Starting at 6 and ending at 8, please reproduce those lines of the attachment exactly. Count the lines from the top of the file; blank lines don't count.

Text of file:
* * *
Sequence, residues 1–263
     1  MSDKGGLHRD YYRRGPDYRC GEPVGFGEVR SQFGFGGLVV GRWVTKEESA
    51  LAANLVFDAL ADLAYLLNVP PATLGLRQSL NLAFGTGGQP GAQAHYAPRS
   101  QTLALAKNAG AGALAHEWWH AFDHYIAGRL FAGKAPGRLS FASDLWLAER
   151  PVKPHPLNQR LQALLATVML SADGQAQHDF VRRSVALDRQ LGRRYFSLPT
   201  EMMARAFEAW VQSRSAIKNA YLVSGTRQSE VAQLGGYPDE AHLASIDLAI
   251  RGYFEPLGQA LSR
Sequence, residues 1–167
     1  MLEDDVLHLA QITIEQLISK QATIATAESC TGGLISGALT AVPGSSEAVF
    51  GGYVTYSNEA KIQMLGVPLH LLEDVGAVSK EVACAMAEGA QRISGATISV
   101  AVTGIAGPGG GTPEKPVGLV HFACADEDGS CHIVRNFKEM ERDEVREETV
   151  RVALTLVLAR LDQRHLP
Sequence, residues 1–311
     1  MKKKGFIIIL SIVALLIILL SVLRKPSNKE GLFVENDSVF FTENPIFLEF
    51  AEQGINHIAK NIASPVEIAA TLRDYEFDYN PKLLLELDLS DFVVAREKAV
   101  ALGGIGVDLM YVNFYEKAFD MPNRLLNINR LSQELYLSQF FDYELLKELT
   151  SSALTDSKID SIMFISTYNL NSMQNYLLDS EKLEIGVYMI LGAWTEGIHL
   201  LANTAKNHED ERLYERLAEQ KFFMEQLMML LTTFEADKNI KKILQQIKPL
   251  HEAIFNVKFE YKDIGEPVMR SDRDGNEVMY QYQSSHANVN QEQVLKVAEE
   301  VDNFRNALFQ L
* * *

   201  EMMARAFEAW VQSRSAIKNA YLVSGTRQSE VAQLGGYPDE AHLASIDLAI
   251  RGYFEPLGQA LSR
Sequence, residues 1–167